FIFA Corruption Scandal, Lessons For ICANN and IANA Transition

May 27, 2015: FIFA Corruption: Is It an Existential Crisis? - NC Partnership's Nigel Currie discusses FIFA corruption in international soccer. He speaks on Bloomberg's “Market Makers."
A "money driving corruption"
FIFA Officials Arrested on Corruption Charges | NYTimes.com: "Critics of FIFA point to the lack of transparency regarding executive salaries and resource allocations ... Policy decisions are also often taken without debate or explanation, and a small group of officials — known as the executive committee — operates with outsize power. FIFA has for years functioned with little oversight and even less transparency. Alexandra Wrage, a governance consultant who once unsuccessfully attempted to help overhaul FIFA’s methods, labeled the organization “byzantine and impenetrable.”"
Sound familiar?
However mundane the reality of US government involvement, the IANA oversight provides a symbolic umbilical cord between ICANN and an external body. Once cut, there would be no external constraints on ICANN, a private, unregulated monopoly with control over global critical Internet resources. This is the reason why the IANA transition has to take place within a wider conversation about ICANN’s accountability .... ICANN as a corporation is a largely unregulated, private sector body with control over critical Internet resources on which global economies depend. It has no natural competitors, is cash-rich (in 2014, its current assets were more than $350 million, with a further $145 million in deferred income), and directly or indirectly supports many of its participants and other Internet governance processes. Without effective accountability and transparency mechanisms, the opportunities for distortion, even corruption, are manifold. In such an environment, it is not sufficient simply to invoke trust ... In a public interest company, there is even more cause for concern, particularly as ICANN also has a contractual compliance function over those companies. There are at least theoretical conflicts in the dual roles of supplier and regulator... -- Emily Taylor, ICANN: Bridging the Trust Gap (pdf) (emphasis added)
Or is Multistakeholderism just another word for Elitism?

UPDATE: But it is not just the ICANN Board, officers, and staff that need transparency and accountability mechanisms--the ICANN "stakeholders" themselves are a BIG problem that has yet to be addressed by any of the ongoing ICANN and IANA transition processes--indeed, if anything, the IANA stewardship transition and ICANN accountability work groups have accentuated the elitist, narrow interests who control ICANN stakeholder groups. Look at the members and active participants of these "working groups" and see how the "same names" appear on multiple groups lists--probably less than 100 people total are actually directing and deciding the future accountability mechanisms by which ICANN and IANA will be governed. This is a well-known problem with multistakeholderism about which both ICANN and the US government prefer to deny exists rather than address. Why? Because it serves the incumbent "power" interests--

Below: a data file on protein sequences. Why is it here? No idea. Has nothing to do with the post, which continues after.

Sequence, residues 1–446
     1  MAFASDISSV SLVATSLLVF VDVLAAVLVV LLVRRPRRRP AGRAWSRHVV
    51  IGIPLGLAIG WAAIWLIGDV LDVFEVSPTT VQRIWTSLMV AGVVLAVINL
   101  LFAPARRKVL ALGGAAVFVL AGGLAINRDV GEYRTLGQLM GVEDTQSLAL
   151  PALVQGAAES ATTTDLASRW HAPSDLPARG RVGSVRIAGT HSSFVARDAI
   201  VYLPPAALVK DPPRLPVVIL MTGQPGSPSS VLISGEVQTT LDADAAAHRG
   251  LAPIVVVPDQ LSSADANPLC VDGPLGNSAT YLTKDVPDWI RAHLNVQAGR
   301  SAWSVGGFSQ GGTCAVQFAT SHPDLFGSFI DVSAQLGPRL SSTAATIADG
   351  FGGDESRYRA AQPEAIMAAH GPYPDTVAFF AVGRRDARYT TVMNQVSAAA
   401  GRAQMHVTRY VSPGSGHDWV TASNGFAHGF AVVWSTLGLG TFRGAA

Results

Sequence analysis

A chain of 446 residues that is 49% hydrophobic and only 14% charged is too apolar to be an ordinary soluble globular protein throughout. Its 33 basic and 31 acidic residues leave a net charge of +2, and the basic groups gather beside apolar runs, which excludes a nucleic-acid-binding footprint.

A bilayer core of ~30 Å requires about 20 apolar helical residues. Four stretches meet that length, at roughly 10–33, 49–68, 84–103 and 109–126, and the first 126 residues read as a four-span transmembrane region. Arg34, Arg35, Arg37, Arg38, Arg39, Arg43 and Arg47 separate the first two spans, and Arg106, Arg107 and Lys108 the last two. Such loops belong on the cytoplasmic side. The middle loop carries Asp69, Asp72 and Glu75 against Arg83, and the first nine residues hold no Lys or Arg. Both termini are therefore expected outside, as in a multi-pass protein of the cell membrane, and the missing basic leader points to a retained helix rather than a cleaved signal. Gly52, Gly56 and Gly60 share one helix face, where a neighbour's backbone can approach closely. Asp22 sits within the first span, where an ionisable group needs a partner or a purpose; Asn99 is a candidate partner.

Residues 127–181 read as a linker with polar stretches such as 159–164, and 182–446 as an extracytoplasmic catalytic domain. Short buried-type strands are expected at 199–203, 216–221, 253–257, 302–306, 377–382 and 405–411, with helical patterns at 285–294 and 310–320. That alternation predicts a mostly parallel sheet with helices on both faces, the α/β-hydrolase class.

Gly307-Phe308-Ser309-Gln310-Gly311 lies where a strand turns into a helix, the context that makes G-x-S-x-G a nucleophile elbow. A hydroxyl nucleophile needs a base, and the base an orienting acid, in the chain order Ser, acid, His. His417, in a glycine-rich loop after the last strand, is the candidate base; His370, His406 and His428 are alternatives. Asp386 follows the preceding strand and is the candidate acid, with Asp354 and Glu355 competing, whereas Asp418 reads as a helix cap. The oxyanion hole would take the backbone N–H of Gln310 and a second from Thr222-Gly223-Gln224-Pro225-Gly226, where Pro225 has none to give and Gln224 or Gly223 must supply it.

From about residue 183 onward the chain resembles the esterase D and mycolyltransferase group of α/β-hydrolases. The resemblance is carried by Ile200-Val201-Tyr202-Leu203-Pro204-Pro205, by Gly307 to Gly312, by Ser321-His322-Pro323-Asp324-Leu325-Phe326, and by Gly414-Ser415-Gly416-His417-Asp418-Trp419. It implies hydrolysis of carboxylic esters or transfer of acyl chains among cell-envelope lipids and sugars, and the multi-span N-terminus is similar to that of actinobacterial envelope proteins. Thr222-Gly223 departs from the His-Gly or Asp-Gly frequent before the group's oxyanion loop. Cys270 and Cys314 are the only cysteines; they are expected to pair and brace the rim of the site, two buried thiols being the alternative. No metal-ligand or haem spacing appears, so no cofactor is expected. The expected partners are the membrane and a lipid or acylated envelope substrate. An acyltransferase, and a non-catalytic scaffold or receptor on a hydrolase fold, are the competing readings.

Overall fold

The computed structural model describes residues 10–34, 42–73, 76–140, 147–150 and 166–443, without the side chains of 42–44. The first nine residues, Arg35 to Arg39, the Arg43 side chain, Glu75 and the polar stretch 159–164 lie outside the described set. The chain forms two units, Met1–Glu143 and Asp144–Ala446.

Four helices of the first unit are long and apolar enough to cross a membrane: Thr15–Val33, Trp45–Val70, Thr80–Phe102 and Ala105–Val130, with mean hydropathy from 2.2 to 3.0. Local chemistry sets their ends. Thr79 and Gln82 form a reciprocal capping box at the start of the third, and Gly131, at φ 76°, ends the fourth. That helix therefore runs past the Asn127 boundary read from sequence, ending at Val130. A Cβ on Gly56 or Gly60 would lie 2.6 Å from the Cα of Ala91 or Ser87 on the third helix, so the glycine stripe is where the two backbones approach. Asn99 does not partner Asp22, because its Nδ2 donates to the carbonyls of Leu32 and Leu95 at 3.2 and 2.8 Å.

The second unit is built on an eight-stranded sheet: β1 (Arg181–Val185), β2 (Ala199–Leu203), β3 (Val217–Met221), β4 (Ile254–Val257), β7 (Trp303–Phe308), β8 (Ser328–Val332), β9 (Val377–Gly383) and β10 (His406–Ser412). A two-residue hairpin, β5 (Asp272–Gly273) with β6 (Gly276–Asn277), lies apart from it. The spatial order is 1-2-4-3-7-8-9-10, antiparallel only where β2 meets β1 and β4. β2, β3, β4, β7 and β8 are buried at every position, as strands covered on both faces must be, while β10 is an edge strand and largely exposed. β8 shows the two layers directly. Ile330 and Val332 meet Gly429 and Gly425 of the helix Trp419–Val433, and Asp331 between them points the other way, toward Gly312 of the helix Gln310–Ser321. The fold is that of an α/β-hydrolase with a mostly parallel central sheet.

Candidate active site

Multistakeholderism unmasked: How the NetMundial Initiative shifts battlegrounds in internet governance | LSE Media Policy Project: "... most controversies about internet governance were the result of a dichotomy between the proponents of traditional regulation through intergovernmental authority and those of a multistakeholder model, the hypothetical middle ground between a free-market model, a cyberlibertarian idea of self-regulation and the classical governmental approach. What the debates about the two divergent approaches rarely reveal is that most implementations of the multistakeholder approach are far from an ideal governance model. In fact, while multistakeholderism may have so far allowed various non-state actors to participate in internet governance processes, it does not necessarily lead to a wider range of views or a more global representation of interests and concerns. In several instances, multistakeholder processes actually tend to increase the overrepresentation of actors from the highly developed Western world, whereas they neglect developing countries, which often lack independent civil society networks and strong business players that could meaningfully engage in the existing structures... a new but much needed discussion on power mechanisms and could eventually shed light on the real interests of those proponents of the multistakeholder approach who seem eager to maintain the unbalanced representation of voices and concerns in internet governance. In the long run, this discussion could lead to a more honest and transparent scenario for multistakeholderism, which does not fail to consider the rights and interests that all countries and all users have in the governance of the global internet." (emphasis added)

See also: The REAL Domain Hogs: ICANN Officers, Staff, Lavish Pay, Benefits, Accountability Risks Institutionalized and ICANN, Dysfunction, the Public Interest, and the IANA Transition

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